Accounting Services Do Not Involve Professional Liability Policy When Not Performed “For Financial Institutions” | Wiley Kidney LLP
Applying New Jersey law, the United States District Court for the Southern District of Florida held that an insurer had no duty to defend or indemnify an insured’s subsidiary because the services of audit did not trigger the policy’s assurance agreement when the services were not performed “for financial institutions”, as required by the policy’s definition of “management consulting services”. . ECB USA, Inc. v. Chubb Ins. New Jersey Co, 2022 WL 611536 (SD Fla. 25 February 2022). The Court also reformed the policy to include the insured’s subsidiary as an insured based on the intention of the parties when negotiating the policy.
From 2002 to 2019, the insured maintained professional liability insurance offering specific coverage for claims related to “management consulting services”, defined as “services oriented towards expertise in banking finance, accounting, risk analysis and systems, design and implementation, asset recovery and strategy”. planning for financial institutions. A subsidiary of the insured was sued in connection with the audit of the financial statements and submitted the lawsuit to the insurer for coverage under the policy issued for the insurance period 2017-2018 (the “policy 2017-2018”). The insurer denied coverage on the grounds that the alleged audit services were not “management consulting services” within the meaning of the 2017-2018 policy and therefore the claim did not fall within the scope of the claim. coverage of the 2017-2018 policy insurance agreement.
In the ensuing coverage dispute, the insured and the insurer sought summary judgment. In addition to stating that the claim did not allege “management consulting services”, the insurer argued that the subsidiary was not an insured under the 2017-2018 policy, although it was insured in previous years, because the 2017-2018 policy was not intended to be a renewal of the previous year’s policy. The insured, in turn, argued that the audit services at issue fell within the definition of “management consulting services” and requested a reform of the 2017-2018 policy to include the affected subsidiary as a assured on the basis of the intention of the parties that the 2017-2018 policy The 2018 policy be a renewal of the previous year’s policy.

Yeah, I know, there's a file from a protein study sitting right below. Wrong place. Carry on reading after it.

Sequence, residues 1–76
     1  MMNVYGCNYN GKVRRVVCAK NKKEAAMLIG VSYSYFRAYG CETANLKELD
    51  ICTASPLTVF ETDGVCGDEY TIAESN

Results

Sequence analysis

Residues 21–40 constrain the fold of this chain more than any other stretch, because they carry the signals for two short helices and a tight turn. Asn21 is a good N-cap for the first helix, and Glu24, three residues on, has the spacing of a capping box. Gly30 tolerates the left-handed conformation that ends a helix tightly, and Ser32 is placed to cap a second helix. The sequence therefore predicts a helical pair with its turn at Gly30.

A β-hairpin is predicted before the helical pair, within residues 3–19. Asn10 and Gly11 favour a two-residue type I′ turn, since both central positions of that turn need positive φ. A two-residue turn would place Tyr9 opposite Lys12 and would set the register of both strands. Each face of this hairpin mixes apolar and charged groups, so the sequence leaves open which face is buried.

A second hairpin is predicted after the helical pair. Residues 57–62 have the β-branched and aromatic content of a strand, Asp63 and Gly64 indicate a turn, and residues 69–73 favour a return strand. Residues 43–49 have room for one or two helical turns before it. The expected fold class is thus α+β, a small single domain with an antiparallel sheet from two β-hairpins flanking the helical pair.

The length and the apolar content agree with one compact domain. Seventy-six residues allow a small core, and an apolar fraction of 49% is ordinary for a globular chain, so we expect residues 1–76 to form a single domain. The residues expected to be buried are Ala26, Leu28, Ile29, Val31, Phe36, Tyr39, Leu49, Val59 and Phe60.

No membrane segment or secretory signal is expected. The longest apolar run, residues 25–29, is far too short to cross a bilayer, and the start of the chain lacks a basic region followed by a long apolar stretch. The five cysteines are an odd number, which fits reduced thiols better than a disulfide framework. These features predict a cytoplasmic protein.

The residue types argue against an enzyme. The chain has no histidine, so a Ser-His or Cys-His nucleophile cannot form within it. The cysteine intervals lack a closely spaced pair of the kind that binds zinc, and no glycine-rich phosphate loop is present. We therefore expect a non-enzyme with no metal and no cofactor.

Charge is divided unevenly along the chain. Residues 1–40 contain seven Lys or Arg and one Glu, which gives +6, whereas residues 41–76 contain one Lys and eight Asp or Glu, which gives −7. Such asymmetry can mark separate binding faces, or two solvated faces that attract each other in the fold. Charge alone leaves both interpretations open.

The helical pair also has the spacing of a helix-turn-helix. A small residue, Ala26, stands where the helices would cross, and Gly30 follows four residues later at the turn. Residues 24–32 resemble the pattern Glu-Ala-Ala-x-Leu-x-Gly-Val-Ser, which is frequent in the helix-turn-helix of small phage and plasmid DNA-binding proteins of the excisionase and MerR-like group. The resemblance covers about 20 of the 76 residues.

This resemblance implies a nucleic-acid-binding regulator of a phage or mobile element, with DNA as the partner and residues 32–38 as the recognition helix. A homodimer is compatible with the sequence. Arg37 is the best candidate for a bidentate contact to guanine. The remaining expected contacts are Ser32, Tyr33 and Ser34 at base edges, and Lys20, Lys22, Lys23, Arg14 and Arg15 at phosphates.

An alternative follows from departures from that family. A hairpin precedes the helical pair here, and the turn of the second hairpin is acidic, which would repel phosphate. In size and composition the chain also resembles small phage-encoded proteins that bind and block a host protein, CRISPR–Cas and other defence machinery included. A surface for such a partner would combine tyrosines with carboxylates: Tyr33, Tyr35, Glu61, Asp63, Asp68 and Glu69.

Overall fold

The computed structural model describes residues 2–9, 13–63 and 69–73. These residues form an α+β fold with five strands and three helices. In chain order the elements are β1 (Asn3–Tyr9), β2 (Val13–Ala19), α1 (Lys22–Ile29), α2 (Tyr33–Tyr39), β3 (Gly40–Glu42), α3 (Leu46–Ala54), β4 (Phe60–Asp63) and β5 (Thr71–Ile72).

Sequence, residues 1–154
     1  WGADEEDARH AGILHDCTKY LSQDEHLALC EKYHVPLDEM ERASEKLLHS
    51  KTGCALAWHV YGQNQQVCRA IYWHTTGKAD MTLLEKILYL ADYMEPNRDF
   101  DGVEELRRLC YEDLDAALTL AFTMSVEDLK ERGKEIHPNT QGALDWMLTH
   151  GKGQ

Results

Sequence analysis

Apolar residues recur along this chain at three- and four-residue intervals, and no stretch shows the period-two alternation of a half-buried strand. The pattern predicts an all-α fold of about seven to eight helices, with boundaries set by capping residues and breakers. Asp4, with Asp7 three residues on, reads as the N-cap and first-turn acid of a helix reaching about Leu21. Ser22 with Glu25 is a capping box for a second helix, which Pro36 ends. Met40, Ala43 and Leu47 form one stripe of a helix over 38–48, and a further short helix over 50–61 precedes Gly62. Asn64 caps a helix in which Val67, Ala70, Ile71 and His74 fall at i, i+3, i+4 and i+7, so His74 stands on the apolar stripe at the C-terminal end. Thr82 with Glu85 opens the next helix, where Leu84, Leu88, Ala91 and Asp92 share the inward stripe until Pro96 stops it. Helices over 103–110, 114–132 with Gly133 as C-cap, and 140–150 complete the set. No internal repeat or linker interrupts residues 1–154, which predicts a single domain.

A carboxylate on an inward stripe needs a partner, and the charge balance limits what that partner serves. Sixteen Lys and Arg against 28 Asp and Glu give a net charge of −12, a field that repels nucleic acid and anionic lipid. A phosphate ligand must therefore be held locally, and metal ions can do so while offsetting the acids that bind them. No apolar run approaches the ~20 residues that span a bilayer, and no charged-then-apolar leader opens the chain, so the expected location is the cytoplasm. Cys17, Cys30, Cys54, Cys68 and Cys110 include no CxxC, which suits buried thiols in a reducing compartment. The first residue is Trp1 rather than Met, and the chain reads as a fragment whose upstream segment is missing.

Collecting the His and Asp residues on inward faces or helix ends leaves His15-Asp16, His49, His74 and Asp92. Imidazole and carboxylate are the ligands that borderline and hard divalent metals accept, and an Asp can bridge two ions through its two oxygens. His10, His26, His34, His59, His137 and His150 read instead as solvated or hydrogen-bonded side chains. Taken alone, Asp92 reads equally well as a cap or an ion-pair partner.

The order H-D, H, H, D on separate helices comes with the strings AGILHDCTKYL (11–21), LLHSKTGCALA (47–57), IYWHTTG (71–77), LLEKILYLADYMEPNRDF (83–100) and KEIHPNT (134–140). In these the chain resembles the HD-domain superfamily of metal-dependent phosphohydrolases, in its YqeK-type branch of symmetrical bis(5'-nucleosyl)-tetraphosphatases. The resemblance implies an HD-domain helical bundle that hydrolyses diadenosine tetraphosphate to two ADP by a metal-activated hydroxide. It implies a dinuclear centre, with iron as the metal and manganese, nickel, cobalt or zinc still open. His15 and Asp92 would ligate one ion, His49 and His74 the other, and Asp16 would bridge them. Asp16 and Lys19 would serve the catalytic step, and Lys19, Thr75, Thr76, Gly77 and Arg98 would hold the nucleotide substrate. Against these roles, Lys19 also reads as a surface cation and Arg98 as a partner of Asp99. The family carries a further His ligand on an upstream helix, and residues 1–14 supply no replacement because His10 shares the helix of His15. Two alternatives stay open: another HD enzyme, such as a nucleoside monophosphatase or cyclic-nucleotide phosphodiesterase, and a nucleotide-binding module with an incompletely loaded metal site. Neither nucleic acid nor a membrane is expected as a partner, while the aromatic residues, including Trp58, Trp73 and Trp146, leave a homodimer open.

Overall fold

The Court granted in part and denied in part the motions of both parties. The Court held that the parties intended the 2017-2018 Policy to be a renewal of previous policies issued to the insured, and therefore the Court reformed the 2017-2018 Policy to include the subsidiary as an insured. However, the Court concluded that the insurer had no obligation to defend or indemnify the subsidiary for the lawsuit. The Court explained that although the financial audit at issue qualified as “accounting” services within the meaning of “management consulting services”, these services were not rendered “for financial institutions”, as required also the express definition of this term in the Policy. The Court held that the “for financial institutions” requirement applied to each of the services set out in the definition, including “accounting”.